• Whenever appropriate, the student.

*The parent is an important part of the IEP team. No one knows a child better than their parent!  Parents may invite anyone with knowledge or special expertise regarding the child to be on the IEP team. Such persons may be a friend or relative, an advocate. IDEA regulations provide that the person who issues the invitation determines whether that individual has knowledge or expertise that may be helpful in the IEP meeting. It is a matter of courtesy to let everyone know who is being invited.

*If the above key team members are not at the IEP meeting, you can ask for the meeting to be reconvened.

* If the student is 15 years or older, different information applies.  To read more about services as they pertain to older students, please read our Transition Page.


Excusing an IEP Team Member

There are two reasons an IEP team member can be excused in whole or in part:

1. If the parent of a child with a disability and the public agency agree, in writing, that the attendance of the member is not necessary because the member’s area of the curriculum or related services is not being modified or discussed in the meeting.

2. When the meeting involves a modification to or discussion of the member’s area of the curriculum or related services, if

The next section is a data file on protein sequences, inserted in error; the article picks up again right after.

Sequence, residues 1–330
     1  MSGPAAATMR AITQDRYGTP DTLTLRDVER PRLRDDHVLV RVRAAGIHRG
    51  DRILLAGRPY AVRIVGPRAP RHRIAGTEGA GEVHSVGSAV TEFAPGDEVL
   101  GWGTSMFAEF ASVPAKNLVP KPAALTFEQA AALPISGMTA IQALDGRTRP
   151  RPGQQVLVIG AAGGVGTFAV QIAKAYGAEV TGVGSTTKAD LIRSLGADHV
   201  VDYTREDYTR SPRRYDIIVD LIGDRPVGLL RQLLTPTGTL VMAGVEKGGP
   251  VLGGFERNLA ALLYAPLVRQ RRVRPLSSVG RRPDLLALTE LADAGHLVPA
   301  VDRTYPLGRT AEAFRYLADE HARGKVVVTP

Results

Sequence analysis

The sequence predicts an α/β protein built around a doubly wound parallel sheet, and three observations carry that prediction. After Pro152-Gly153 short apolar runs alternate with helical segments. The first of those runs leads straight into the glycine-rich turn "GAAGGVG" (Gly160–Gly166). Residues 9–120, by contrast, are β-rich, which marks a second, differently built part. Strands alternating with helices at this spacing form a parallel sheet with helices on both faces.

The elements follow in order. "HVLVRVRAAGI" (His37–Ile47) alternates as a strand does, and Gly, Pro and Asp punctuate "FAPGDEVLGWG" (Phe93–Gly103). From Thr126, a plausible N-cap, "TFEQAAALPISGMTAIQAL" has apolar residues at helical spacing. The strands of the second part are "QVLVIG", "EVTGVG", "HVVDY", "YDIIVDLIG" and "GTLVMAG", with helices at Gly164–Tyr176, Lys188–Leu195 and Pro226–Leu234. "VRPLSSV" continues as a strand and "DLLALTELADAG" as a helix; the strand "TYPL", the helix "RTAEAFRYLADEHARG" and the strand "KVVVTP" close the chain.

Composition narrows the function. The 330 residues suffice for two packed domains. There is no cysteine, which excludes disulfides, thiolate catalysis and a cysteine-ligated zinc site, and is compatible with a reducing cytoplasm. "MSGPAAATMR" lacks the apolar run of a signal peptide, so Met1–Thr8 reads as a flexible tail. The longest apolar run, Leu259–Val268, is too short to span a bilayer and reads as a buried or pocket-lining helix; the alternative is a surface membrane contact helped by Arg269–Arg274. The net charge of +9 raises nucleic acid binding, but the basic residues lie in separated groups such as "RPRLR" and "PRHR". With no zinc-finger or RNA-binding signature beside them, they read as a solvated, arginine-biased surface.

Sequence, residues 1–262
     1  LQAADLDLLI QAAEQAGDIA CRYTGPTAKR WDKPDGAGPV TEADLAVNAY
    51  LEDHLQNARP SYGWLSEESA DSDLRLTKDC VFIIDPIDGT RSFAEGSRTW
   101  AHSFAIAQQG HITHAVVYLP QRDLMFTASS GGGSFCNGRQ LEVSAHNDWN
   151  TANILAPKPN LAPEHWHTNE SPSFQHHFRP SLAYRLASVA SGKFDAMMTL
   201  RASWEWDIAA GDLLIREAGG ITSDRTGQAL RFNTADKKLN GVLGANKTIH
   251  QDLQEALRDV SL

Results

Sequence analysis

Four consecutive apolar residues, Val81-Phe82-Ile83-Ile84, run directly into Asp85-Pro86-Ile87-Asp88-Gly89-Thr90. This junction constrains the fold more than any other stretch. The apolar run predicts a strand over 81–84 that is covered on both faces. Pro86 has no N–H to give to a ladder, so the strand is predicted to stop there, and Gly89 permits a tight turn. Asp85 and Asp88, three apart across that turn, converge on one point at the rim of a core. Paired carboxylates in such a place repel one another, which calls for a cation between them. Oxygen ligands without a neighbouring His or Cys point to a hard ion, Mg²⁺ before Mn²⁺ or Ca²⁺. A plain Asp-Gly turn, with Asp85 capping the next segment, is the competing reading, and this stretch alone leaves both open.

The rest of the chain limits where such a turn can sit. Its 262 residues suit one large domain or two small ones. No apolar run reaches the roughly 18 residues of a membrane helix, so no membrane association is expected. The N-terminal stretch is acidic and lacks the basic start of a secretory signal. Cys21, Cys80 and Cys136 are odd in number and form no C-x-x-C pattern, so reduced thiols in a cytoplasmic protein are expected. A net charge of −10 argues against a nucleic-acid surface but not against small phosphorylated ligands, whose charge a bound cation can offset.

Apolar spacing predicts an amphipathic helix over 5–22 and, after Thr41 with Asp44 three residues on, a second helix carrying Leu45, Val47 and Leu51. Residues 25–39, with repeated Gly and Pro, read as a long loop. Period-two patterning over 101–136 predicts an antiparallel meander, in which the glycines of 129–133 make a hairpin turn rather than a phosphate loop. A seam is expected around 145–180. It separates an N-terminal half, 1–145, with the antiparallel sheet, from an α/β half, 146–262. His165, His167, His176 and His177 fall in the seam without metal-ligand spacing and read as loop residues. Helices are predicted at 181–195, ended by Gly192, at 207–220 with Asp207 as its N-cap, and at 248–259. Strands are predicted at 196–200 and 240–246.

• The parent, in writing, and the school district consent to the excusal; and
  • The member submits, in writing to the parent and the IEP Team, input into the development of the IEP prior to the meeting.

IEP Meetings:

There are three types of IEP Meetings: Initial, Annual and Triennual.

  • INITIAL IEP MEETING

The purpose of the Initial IEP meeting is to review the evaluation information, determine eligibility/ineligibility for special education services and then, if eligible, develop an Individual Educational Plan ( I.E.P.) and determine implementation of the Individual Educational Plan in the least restrictive environment (LRE).

  • ANNUAL IEP MEETING

The purpose of annual IEP meetings is to review the progress or lack thereof towards annual goals, to discuss any new information pertaining to the students education and review the appropriateness of the plan for the next year. Often times this review leads to the need to make changes to the IEP.  Changes can be made to the IEP without an IEP meeting under certain conditions.